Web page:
Khaled – “The King of Rai”

For millions of people across the world, rai musician Khaled is not just an artist; he’s a phenomenon and the long established star of Arabic popular music. Like many fellow Algerians, Khaled flee to France in the late 80s to escape the brutal civil war.

Born Khaled Hadj Brahim in Sidi-EI-Houri on February 29, 1960, in Oran, Algeria, Khaled sang and learned to play guitar, bass, accordion, and harmonica as a child. He enjoyed the sounds of Moroccan music and Elvis Presley. Though his uncle played the accordion, Khalid’s family looked down on his musical aspirations. His father, a policeman, disapproved of it entirely. Khalid’s debut recording, La Route De Lycee, came out when he was just 14 years old. After that, he dropped out of school, left home, and formed a group called the Five Stars, and started to perform at local weddings, parties, and clubs.

Rai music was originally heard in seedy Algerian bars in the 1920s. This “sinner’s music” was sung to the beat of light percussion and an ancient rosewood flute called a gasba. Khaled released a handful of self-produced rai cassettes before he teamed up with producer Rachid Baba Ahmed, who had a greater pop sensibility. Under Ahmed’s influence, Khaled’s sound increasingly began taking on more of a Western sound, incorporating such Western instruments as synthesizers and guitars. Khaled became the most well-known singer of the revived “pop rai” trend that first became popular during the 1960s. Excite online likened his stage presence and effect on Algeria’s youth to that of Elvis Presley on American teenagers in the 1950s. Though Khaled was embraced by Algeria’s disenchanted youth during the 1980s, not all of Algeria shared the same enthusiasm for rai, which offended the sensibilities of Islamic fundamentalists.

Until 1983, Khaled’s music was censored by the Algerian government for both his candid lyrics about romance and his lyrics against Islamic fundamentalism. The Algerian government attacked what it considered to be outspoken hedonism, and Khaled’s music was banned from Algerian radio and television. In 1985, though, he was crowned the “king of rai” at Algeria’s National Rai Festival in his hometown of Oran. In the late 1980s, sensing trouble in Algeria, Khaled fled to Paris, as did many other Algerian artists and journalists. The 1992 Algerian elections were clearly going to be won by Islamic fundamentalists, so the military government cancelled the elections and violence broke out. Terrorists targeted and killed many artists, including the popular “prince of rai,” singer Cheb Hasni.

The mass exodus of rai musicians to France resulted in a change in the traditional rai sound. Used to shoddy equipment and a strict government, the Algerian singers suddenly had creative freedom and access to France’s high-tech recording studios.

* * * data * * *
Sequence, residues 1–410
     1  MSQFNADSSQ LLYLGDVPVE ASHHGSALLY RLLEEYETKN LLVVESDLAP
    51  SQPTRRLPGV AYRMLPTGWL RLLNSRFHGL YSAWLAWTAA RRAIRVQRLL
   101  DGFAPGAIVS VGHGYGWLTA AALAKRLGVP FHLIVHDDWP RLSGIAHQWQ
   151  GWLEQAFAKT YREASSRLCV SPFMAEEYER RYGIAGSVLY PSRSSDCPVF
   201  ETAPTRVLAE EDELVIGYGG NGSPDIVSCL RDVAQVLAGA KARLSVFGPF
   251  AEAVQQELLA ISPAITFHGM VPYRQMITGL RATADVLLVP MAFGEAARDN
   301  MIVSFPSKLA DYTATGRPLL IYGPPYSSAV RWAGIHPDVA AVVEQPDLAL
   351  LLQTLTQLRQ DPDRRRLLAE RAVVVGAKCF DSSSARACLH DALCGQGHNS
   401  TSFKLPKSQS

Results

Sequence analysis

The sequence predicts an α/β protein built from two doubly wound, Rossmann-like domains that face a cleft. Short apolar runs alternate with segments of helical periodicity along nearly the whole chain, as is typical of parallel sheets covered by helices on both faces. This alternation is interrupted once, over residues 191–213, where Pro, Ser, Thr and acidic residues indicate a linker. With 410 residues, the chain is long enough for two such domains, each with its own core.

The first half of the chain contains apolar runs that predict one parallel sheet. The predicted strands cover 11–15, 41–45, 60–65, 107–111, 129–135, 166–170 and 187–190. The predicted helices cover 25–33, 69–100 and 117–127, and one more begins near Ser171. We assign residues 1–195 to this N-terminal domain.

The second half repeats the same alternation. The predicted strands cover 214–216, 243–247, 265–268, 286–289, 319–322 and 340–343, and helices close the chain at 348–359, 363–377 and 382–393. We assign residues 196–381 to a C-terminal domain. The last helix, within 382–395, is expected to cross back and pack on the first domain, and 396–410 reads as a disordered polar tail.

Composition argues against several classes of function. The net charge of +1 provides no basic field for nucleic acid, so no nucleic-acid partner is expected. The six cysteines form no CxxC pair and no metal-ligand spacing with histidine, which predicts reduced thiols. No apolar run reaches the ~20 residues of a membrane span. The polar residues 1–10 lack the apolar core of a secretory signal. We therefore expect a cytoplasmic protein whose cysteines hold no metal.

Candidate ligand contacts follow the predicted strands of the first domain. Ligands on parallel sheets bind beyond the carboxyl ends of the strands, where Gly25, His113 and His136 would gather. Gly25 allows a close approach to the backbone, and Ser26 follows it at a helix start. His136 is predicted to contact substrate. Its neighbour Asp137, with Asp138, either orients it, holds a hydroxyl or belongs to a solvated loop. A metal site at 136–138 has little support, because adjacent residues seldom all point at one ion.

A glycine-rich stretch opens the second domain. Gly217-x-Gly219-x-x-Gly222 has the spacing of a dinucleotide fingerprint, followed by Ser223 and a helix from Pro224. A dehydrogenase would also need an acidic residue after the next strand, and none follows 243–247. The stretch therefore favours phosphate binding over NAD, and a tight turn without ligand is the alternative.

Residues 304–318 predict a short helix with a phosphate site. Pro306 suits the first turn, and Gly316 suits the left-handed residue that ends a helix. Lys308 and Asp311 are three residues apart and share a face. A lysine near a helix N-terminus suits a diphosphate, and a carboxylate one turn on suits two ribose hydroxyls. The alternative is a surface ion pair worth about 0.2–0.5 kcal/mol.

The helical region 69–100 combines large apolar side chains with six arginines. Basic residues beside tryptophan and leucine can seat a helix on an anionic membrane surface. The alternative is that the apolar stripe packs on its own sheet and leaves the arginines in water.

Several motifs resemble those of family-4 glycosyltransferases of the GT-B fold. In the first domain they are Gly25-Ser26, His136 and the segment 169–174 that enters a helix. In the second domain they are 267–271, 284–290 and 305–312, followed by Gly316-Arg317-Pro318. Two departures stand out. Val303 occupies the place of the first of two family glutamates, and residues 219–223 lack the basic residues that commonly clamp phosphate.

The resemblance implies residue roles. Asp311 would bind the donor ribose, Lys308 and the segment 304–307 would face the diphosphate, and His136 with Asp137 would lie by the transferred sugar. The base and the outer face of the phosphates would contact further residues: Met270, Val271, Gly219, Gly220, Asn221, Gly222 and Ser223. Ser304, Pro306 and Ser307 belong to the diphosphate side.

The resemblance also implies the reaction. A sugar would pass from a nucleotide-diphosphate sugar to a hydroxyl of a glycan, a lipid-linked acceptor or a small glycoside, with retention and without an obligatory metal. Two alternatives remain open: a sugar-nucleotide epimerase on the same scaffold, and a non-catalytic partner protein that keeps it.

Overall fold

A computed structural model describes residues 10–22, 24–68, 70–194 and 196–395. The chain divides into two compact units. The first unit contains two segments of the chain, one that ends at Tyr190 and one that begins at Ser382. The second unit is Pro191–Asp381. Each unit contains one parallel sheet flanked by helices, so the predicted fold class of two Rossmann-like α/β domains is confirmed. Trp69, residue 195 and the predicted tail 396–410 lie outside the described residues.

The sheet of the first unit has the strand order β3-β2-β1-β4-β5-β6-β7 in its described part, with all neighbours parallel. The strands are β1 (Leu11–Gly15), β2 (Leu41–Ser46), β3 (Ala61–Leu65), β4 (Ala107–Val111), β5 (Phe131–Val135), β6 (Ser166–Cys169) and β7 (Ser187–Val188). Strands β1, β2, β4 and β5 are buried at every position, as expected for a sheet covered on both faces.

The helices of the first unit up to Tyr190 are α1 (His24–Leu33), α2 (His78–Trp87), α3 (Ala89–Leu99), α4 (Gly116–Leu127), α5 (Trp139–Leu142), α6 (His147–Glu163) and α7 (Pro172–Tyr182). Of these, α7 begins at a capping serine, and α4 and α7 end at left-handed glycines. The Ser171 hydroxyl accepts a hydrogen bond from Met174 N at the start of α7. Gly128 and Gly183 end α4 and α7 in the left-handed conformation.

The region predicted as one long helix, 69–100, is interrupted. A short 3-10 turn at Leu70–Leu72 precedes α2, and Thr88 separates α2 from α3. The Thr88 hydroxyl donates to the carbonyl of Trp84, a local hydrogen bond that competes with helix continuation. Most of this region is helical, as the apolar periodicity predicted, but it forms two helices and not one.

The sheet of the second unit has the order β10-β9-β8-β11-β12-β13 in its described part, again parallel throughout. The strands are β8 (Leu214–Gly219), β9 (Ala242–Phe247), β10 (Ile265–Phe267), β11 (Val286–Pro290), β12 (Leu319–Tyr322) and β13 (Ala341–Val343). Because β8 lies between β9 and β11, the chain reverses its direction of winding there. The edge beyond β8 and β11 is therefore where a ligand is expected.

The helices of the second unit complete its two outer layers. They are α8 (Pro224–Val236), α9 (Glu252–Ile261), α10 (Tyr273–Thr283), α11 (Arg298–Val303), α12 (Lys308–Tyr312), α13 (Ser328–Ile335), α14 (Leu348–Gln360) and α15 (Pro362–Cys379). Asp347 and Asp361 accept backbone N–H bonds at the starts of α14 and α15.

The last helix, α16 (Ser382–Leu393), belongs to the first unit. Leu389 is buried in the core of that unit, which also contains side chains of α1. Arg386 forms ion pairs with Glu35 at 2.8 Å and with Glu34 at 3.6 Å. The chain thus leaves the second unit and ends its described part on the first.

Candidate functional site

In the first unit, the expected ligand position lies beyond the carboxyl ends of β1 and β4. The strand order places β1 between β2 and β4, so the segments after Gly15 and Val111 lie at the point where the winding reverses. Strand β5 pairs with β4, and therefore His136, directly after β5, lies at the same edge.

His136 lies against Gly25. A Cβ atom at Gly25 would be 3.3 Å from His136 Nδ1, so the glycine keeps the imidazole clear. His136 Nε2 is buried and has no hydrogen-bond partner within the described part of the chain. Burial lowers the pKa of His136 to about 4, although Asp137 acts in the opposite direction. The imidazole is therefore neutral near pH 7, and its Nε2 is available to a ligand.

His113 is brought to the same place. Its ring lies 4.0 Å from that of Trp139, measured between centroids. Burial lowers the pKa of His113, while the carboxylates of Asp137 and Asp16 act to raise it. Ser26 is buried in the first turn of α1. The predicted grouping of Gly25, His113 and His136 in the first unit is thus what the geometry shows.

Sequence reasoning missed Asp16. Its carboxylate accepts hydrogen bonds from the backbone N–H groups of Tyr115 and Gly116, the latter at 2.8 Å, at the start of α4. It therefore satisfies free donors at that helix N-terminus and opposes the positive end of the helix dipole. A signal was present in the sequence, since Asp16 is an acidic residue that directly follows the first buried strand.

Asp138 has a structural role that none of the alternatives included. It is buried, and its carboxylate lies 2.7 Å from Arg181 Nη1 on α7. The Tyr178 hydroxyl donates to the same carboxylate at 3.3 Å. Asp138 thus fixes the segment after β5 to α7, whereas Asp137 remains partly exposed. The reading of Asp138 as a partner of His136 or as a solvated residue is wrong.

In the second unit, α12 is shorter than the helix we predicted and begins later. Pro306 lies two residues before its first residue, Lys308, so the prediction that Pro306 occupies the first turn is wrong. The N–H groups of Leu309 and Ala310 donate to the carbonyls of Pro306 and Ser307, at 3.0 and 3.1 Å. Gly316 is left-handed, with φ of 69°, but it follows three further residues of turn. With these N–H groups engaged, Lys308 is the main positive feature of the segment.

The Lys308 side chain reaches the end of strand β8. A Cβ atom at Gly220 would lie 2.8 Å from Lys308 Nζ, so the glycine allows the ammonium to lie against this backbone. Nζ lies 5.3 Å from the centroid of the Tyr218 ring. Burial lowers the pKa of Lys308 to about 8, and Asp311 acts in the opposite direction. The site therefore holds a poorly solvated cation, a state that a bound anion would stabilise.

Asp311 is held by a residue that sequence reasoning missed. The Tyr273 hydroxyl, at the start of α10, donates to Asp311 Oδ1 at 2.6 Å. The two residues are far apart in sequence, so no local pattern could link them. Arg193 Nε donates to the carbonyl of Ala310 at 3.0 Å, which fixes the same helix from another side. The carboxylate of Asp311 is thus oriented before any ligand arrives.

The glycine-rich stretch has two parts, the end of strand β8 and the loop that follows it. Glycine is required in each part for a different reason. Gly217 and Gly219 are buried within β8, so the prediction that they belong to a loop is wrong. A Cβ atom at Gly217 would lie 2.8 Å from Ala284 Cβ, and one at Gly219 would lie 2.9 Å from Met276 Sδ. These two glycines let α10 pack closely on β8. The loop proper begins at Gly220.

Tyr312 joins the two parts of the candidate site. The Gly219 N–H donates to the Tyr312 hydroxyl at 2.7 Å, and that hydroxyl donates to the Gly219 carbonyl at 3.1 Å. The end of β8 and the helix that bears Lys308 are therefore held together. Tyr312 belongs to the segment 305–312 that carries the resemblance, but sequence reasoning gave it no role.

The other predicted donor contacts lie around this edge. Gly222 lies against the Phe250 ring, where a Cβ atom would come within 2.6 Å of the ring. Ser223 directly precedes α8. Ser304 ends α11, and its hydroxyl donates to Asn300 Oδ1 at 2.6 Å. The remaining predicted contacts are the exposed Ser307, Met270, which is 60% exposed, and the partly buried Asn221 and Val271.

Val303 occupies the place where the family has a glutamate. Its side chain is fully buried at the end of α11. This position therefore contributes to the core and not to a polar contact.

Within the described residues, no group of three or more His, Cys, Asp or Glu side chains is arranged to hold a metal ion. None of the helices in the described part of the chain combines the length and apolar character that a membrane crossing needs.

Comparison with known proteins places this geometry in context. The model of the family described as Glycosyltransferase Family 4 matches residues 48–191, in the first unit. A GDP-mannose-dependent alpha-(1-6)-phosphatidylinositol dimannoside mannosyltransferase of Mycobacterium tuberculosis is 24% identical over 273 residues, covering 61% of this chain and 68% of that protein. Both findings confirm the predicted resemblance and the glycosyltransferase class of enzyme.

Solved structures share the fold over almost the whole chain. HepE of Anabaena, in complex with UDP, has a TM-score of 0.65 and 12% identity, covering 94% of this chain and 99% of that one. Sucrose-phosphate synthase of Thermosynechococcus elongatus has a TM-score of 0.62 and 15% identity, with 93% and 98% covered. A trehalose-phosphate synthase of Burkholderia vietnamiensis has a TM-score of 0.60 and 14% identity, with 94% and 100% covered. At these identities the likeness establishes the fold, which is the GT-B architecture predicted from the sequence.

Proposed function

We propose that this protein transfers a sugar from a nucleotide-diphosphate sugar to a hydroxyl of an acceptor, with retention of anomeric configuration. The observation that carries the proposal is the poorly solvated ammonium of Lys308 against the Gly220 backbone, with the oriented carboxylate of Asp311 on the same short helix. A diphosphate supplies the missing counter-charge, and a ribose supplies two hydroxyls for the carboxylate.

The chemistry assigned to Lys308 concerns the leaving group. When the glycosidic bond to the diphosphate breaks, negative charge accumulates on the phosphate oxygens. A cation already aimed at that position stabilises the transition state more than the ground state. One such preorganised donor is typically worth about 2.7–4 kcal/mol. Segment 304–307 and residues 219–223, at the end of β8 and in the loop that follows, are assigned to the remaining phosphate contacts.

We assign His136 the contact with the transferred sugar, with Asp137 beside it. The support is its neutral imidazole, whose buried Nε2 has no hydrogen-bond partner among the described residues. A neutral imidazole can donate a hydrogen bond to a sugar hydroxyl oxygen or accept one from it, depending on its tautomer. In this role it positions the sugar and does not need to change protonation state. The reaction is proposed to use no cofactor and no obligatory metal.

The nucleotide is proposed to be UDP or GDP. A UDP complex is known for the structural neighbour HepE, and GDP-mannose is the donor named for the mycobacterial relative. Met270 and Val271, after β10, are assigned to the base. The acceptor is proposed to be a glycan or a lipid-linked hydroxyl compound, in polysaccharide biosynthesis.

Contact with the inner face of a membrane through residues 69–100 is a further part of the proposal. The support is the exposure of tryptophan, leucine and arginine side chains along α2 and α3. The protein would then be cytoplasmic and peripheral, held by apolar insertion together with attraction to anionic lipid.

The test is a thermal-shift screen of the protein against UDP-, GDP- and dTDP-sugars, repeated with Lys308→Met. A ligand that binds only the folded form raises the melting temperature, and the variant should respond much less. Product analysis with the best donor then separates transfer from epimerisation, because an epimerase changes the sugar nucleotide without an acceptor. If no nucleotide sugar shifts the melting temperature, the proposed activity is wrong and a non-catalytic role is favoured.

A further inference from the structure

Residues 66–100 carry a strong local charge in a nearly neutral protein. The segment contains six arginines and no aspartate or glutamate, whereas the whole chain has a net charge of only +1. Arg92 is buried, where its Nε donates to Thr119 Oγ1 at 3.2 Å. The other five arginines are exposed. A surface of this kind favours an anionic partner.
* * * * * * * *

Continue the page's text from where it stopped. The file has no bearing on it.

“Khaled”  –  (The Album)

Khaled was the first Algerian expatriate to break out in France with his love song “Didi,” a crossover hit for his French record label Cohiba. On this album Khaled, the singer continued to globalize the rai sound and even began to incorporate funk, hip-hop, reggae, and the French chanson—a song style from the Middle Ages and the Renaissance. Though his songs had taken on an international flavour, Khaled remained true to the Arabic sound with his “seductive phrasing and nasal, soulfully gruff voice,” wrote Margasak. Khaled’s records became popular in France, the Middle East, and India. In the mid-1990s, Khaled dropped “Cheb” from his stage name, a term meaning “kid” that was given to singers like Khaled to make them distinct from older, more traditional artists.

“Mauvais Sang” starts with the classic Algerian vocal/keyboard intro and gets more complex as melodic motifs are woven in. But the rhythm is driven by keyboard bass blats and a drum machine and the instrumental break features sax over thumb-pop funk bass and James Brown scratch-rhythm guitar before the final call and response between David McMurray’s throaty R&B sax and Mustapha Kada’s Arabic keyboards. To say that’s a blueprint of what Khaled wants to accomplish here is true on one level, but ignores the range and variety of the material. Algerian homeboys Kada (keyboards) and Mohsein Chentouf (derbouka) are on every song and Khaled himself plays keyboards, accordion, oud, and bendir on the Brook-produced tracks. Reggae pops into the bubbling rhythm undercurrent on “Ragda”; “Sbabi” works violin against an atmospheric, Robert Fripp-like lead guitar over Khaled’s voice and a funky, chunky groove. With its near-flamenco acoustic guitar and accordion, “Wahrane” has a French café feel, but “El Ghatli” and “Harai Harai” take it all the way home to Algerian tradition.

“Ne M’en Voulez Pas” is sung in French, with more café accordion set against organ, bass solo, and clattering percussion, and winds up in a near-go-go beat. The song is too busy and never quite makes up its mind what it wants to be, but it’s a unique, invigorating ride, which may be the best capsule summary for Khaled. Some artists are born to try this kind of cultural crossover, and in the context of rai, Khaled is both trailblazer and standard-bearer.

Lastly, an interesting documentary about the origins of Rai music (French only)

The Stranger by Albert Camus

“He wanted to talk to me about God again, but I went up to him and made one last attempt to explain to him that I only had a little time left and I didn’t want to waste it on God.”

 
Albert Camus was a French-Algerian writer best known for his absurdist works, including The Stranger (1942) and The Plague (1947). He won the Nobel Prize for Literature in 1957. Camus started his involvement in political activities during his student years, joining first the Communist Party and then the Algerian People’s Party. As a champion of individual rights, he opposed French colonization and argued for the empowerment of Algerians in politics and labour.

“The Stranger”, or sometimes translated as “The Outsider”,  is considered the best at highlighting Albert Camus’ philosophies towards life of absurdism and existentialism. The story has two parts. It follows Meursault, the main character, before and after he commits a murder.  The philosophical contemplations are embodied by Meursault, a pied-noir office worker, who appears as a blank canvas, barren of any real emotions.